If you take away milk without supplying something else, you may end up hurting their immune system and physiology even before they get to the feedlot,” she says.

“Providing an alternative nutrition source could be as easy as saving your best pasture for calves,” says Lippolis. Depending on feed prices, you could also use a creep-feeding program ahead of weaning to get calves used to eating highly nutritious feed.

“With fenceline or corral weaning, spend some time with calves in the corrals or pastures,” says Gill. This not only gets them accustomed to seeing people, but it’s also distracting. Calves are curious about the person and not just focusing on mom across the fence or worrying about where she is.

You become the surrogate, and calves start looking to you for comfort. This calms them down a lot quicker.

Adding to the mix

The forage available – whether pasture or hay – will determine what kind of supplement calves might need. “I don’t like changing the diet of calves during weaning. Most people confine them and put them on feed, but this needs to be a two- to three-week process of gradually switching from forage to concentrates, giving the rumen a chance to adapt.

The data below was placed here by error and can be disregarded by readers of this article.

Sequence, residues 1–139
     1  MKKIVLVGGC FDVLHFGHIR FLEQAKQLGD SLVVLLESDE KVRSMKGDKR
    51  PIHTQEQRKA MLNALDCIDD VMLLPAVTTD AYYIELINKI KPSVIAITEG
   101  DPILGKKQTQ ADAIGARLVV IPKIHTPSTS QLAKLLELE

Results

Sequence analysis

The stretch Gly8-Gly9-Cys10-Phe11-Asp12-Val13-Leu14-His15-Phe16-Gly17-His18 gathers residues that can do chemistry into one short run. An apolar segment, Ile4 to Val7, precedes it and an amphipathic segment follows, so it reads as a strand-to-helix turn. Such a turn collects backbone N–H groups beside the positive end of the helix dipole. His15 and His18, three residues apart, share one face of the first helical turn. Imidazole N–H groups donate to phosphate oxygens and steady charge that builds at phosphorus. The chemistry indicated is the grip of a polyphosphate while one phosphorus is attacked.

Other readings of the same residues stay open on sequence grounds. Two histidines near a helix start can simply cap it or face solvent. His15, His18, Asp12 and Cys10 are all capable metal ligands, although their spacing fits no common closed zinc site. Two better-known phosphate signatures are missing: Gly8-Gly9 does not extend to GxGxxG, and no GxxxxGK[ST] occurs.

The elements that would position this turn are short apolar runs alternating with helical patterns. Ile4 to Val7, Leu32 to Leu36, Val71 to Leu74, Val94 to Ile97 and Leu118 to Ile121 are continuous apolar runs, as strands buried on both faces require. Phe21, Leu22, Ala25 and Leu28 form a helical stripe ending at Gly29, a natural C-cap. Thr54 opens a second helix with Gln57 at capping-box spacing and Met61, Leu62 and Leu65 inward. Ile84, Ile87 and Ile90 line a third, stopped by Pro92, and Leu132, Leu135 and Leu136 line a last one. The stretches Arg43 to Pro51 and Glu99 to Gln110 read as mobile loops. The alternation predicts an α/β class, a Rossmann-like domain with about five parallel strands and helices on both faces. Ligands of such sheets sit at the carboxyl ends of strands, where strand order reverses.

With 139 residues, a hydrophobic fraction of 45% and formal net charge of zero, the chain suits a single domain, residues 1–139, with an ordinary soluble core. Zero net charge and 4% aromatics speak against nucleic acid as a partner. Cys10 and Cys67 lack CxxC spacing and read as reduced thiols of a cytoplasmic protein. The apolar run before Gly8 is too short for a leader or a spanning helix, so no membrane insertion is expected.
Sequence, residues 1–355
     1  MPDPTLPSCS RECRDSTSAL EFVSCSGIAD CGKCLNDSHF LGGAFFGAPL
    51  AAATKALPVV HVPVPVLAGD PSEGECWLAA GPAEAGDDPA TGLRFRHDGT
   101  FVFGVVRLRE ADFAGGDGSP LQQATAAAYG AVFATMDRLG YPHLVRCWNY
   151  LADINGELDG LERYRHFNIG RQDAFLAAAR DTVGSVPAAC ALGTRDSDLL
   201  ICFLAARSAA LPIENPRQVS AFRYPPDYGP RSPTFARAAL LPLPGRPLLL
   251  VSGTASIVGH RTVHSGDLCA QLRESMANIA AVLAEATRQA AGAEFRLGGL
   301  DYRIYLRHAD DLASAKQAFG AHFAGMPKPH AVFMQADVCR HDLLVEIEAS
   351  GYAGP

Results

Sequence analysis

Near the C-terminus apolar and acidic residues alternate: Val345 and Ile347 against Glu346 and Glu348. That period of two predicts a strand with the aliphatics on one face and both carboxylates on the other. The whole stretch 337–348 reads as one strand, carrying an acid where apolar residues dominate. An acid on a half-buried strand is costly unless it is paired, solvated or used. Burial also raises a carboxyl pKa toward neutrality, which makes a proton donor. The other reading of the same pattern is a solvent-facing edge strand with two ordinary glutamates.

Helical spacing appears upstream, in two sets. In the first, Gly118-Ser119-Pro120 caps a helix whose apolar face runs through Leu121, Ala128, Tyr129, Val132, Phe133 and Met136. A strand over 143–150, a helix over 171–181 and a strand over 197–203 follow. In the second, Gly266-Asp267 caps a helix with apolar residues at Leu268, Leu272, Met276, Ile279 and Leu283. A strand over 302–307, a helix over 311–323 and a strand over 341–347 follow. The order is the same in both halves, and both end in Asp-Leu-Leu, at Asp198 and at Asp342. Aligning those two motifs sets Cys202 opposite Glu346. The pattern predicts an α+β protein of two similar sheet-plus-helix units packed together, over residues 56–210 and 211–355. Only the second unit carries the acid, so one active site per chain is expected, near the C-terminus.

“If possible, keep them on grass and just start feeding a supplement if they will be put on feed later. If you have cheap byproduct feed, you can afford to feed them quite a bit during a preconditioning phase and still make it pay, but many people spend a lot of money on nutrition at this stage they don’t have to,” says Gill.

“The main thing we’re trying to do at that point is get them through the transition without illness – and then we can go to better forages, pastures or supplement strategies after they are no longer in the corral. If they are going to good grass after weaning, why put them on concentrate and then kick them back out to grass?

They just need something that’s low-starch and high in digestible structural carbohydrates and fat, such as wheat midds or soybean hulls,” he says. There are many ways to do this, and a person just needs to find what’s available. In some areas, it may be high-quality hay.

“After you get past 21 days and have the second round of vaccinations in those calves, don’t stress them again until they have a chance to establish immunity against respiratory disease,” says Gill.

Nutritionally, most calves in the preconditioning phase need about 13 to 15 percent protein. “What they eat needs to be highly digestible, without much starch. Don’t overwhelm the rumen with too much starch. They need a high-quality diet the first two weeks; then you can transition back to grass unless you are putting them on a starch diet – and then you need to be careful to not create acidosis,” says Gill.

The return in value